In my company we have a data store of 10TB and growing, when we started we tried to use MySQL, and in all the docs it said that after 200GB of space, performance starts to degrade.
We tried to do everything on a single computer during the tests, at the start we got 50k inserts/sec, not bad and it was ok for our needs, but with the database grows the insert speed declined, a known problem with MySQL and other databases as well.
We tried a number of designs, more tables, partitions, different table designs, but it meant that instead of starting to lose performance at 50GB, we started to get it at 100GB, not something that would get us far.
At 500GB of storage, the insert speed was 6k inserts/sec, not something we’d be able to use, we researched some more and there was no solution with MySQL or any other free database (NoSQL was not a fit for us), so it meant we had to either use Amazon RedShift or deploy a 10TB cluster with MySQL. Which meant paying 20k-30k$ per month, before even making one dollar in profits.
At the end we spent two years building our own database, the database is tailored to our business needs, so we can’t sell the database software, it can reach 350k inserts and 350k selects per second, and we are able to store the entire 10tb on one machine, it has compression, partitions, indexes, and sparse indexes.
We do have another 2TB MySQL database that is being updated in a rate of 100 inserts per second (that’s the rate of the incoming data) and we are quite happy with the performance of it, we did have to use partitions though after 300GB per table it was hard to optimize the tables.
“Why didn’t you use Distributed system or cloud SQL from vendor X”
The answer is price, the cost would be 10–30k$ per month, and this is without failover for 10TB SSD storage with enough CPU/Memory per instance to accommodate the insert performance, if a company has the revenue to support it, that might be the right approach since my company idea was just in design phase, I’d rather spend my time then pay money I don’t have.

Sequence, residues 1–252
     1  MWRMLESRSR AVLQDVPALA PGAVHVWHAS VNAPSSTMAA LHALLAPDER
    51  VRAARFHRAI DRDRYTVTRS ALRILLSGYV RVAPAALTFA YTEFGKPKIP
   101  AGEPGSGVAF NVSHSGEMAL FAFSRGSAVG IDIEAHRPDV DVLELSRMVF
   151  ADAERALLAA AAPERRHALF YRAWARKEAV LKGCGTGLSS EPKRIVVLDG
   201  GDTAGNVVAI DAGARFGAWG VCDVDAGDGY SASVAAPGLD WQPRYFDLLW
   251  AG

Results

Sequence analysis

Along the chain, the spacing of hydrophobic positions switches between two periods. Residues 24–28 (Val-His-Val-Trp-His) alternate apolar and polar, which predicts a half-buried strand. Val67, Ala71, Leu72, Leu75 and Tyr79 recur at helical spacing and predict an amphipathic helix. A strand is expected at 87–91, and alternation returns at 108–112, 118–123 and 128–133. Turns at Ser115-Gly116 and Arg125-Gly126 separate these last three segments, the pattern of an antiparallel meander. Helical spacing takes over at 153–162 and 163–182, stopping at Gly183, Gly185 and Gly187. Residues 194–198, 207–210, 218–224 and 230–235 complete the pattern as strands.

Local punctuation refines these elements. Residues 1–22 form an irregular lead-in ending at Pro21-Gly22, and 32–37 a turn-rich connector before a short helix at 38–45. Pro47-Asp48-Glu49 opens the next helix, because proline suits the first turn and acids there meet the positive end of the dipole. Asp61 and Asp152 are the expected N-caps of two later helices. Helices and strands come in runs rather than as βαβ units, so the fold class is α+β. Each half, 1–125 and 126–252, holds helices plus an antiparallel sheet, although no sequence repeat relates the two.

Furthermore, my database can store more information in 10TB than the other solutions 10TB, the reason is:
- I know my data, I don’t need to store any metadata or other variables to support the generic nature of MySQL
- I’m using 3 types of compressions:
- String compression
- URL Dictionary compression
- I test in real-time which compression and combination gives me the best performance per item/table and use it, also with zlib, I sort the data and check for the best compression ratio, it adds improvement of 30% in size
So I’m able to do in 700$/mo which includes a failover what the other systems do in 10–30k$/mo without failover, and I can store more data, and have better scale-up cost
It’s true that it did cost me time for two years, but, I had time, didn’t have the money, I know a CTO of a very big company and he said, he’d spent even 100k$/mo, and keep his engineers working on something else, he has money but he always needs more good engineers.